THE country has managed to save over 30 megawatts (MW) since the banning of incandescent bulbs last year as it moves to reduce importation of power while channelling it to more productive sectors of the economy.
In an interview with Sunday News Business on the sidelines of the official opening of the Zimbabwe Energy Regulatory Authority (Zera) office in Bulawayo on Thursday last week, the authority’s chief executive officer, Engineer Gloria Magombo, said the country has made significant strides to reduce power usage from the national grid through implementing a number of energy renewable projects as well as the banning of incandescent bulbs for compact fluorescent lamps (CFLs) and light emitting diode (LED).
“With just incentives to reduce power and banning of incandescent bulbs we believe that we have saved over 30MW and some of it came about the interception and destruction of 300 000 incandescent light, which have been imported through the back door and have been crushed by the Zimbabwe Revenue Authority (Zimra) with us and Ema (Environmental Management Agency) witnessing. So we believe that this initiative has been worthwhile and we believe that we will save more . . . ,” said Eng Magombo.
Incandescent bulbs were banned in the country in May last year under Statutory Instrument 21 of 2017. The country is advocating for the use of more efficient LED bulbs that are said to have the capacity to save the country about 300MW of electricity per month. Anyone found using or distributing incandescent bulbs or ordinary filament lamps, faces an imprisonment term of up to one year and or a fine of up to $5 000. Eng Magombo said the use of energy saving bulbs plays a pivotal role in reducing power importation.
“If you look at the initiative that we just did at Mpilo (Central Hospital) where we retrofitted over 5 700 lights for the whole hospital, it will reduce their demand significantly as a hospital and we believe that such initiatives, if taken not just here, but across the whole country will make a difference especially in reducing the importation bill because if we do the initiative internally we are saving on power, which would have been imported,” she said.
Due to the power deficit of about 600MW, the country last year was importing an average of about 50MW and 350MW from regional power utilities. Last year Zimbabwe spent an average of between $7 million and $12 million per week on electricity imports. Eng Magombo said Zera has licensed over 30 Independent Power Producers (IPPs) with 12 power projects being operational but hinted that most of the projects’ take off were stalled due to funding constraints.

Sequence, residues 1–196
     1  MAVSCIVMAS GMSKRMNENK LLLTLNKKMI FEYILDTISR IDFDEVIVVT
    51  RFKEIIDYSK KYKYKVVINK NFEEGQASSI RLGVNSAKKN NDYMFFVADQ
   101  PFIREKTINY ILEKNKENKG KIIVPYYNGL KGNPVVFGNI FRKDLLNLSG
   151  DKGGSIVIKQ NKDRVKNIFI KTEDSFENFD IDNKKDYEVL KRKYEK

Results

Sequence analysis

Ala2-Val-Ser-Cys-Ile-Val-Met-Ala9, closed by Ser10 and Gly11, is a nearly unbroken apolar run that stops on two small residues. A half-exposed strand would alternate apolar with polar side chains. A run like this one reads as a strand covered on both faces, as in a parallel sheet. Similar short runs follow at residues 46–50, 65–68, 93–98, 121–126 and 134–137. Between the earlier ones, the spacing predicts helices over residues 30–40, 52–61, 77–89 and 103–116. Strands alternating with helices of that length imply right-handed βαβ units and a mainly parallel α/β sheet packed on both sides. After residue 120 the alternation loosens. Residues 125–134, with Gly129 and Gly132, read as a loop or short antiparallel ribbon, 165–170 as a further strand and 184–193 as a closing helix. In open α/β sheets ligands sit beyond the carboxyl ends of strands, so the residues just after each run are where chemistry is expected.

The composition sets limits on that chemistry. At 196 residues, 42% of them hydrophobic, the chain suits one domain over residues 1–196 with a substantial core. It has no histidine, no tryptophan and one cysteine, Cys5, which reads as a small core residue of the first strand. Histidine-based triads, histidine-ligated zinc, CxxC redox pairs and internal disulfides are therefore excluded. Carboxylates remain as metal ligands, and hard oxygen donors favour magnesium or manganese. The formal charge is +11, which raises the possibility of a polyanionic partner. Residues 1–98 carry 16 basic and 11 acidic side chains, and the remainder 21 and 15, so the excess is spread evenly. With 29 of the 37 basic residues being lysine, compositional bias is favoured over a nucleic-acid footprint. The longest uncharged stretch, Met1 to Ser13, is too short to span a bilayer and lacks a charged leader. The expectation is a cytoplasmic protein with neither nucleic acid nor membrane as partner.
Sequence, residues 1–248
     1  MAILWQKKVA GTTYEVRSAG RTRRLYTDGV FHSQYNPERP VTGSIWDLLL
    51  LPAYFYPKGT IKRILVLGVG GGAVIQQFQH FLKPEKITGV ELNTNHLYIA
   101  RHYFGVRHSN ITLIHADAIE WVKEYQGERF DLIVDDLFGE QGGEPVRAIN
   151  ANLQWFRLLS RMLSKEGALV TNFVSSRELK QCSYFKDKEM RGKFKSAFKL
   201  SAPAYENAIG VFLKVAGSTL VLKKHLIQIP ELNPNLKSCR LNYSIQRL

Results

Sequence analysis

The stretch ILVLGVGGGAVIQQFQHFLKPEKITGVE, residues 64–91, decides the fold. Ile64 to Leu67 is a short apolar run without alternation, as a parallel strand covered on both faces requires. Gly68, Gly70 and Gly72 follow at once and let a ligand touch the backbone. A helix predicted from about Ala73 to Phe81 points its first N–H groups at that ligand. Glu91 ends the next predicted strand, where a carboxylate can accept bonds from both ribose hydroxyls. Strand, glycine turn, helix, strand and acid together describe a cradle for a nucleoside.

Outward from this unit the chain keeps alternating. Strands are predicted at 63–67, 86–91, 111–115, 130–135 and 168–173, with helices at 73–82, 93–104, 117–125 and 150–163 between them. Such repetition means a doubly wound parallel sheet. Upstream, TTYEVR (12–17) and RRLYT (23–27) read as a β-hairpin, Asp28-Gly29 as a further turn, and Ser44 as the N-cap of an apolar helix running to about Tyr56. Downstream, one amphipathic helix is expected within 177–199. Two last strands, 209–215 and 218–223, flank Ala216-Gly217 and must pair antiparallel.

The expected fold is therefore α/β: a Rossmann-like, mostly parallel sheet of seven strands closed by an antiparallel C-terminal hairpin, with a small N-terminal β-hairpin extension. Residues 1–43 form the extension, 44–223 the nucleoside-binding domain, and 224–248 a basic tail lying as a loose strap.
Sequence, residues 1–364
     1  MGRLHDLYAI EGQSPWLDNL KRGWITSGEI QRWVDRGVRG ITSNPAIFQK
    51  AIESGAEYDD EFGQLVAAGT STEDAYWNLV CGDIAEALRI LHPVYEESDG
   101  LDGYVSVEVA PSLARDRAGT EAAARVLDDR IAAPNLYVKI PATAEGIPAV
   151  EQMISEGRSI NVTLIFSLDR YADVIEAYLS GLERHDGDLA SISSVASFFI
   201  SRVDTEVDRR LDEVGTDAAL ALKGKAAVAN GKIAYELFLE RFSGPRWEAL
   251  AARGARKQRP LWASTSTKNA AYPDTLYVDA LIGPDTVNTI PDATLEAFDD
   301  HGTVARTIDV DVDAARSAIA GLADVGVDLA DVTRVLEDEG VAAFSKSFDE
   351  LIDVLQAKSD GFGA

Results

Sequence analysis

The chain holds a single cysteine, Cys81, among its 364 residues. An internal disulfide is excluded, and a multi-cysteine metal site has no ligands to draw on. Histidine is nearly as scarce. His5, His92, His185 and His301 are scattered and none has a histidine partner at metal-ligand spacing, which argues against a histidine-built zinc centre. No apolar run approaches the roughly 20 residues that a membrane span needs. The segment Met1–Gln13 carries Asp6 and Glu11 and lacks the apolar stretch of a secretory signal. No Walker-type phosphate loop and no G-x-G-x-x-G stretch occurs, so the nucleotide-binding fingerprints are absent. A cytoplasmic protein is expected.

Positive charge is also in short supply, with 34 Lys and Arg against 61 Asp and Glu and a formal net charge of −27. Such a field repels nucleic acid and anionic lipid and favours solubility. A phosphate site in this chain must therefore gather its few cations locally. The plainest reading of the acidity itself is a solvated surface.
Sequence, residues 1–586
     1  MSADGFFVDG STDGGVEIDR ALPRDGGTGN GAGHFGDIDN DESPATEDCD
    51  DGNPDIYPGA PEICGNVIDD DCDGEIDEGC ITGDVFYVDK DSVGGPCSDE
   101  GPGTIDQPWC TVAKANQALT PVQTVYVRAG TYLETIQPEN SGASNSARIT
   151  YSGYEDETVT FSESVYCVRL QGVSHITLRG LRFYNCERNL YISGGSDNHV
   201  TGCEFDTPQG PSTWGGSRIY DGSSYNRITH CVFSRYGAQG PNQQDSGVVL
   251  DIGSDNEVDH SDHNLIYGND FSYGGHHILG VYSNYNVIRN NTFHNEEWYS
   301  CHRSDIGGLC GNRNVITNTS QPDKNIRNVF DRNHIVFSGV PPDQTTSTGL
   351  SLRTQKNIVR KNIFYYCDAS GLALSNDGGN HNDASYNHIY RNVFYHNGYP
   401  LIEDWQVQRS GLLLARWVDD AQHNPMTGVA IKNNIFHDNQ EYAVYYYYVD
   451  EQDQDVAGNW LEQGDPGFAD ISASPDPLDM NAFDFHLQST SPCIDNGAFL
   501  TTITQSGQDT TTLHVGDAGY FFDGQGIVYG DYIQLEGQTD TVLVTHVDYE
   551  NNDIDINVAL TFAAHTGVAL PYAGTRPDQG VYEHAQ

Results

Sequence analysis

“You will also appreciate that prior to the new (political) dispensation there were a lot of challenges with regards to access to financing.
While the projects promoters would have had partners coming through, most of them were shying away at the last minute. As I speak right now, we have three projects that have reached financial closure and are under construction. We have two mini-hydro power stations and one solar (project) and we already have a fully operational solar plant, which was something, which people thought would never happen but it was commissioned early this year,” she said.
Eng Magombo said policy changes brought about by the new political dispensation were likely to woo more investors to invest into the country’s energy sector.
“We expect that more projects will now be implemented and even for those that lost their partners there are a lot of new partners who are coming in and saying if you have your project, which is ready for development, we are ready to come in and assist and I think some of our policies like the indigenisation policy were also affecting some of the projects to go ahead, given the high capital intensiveness of the project,” she said.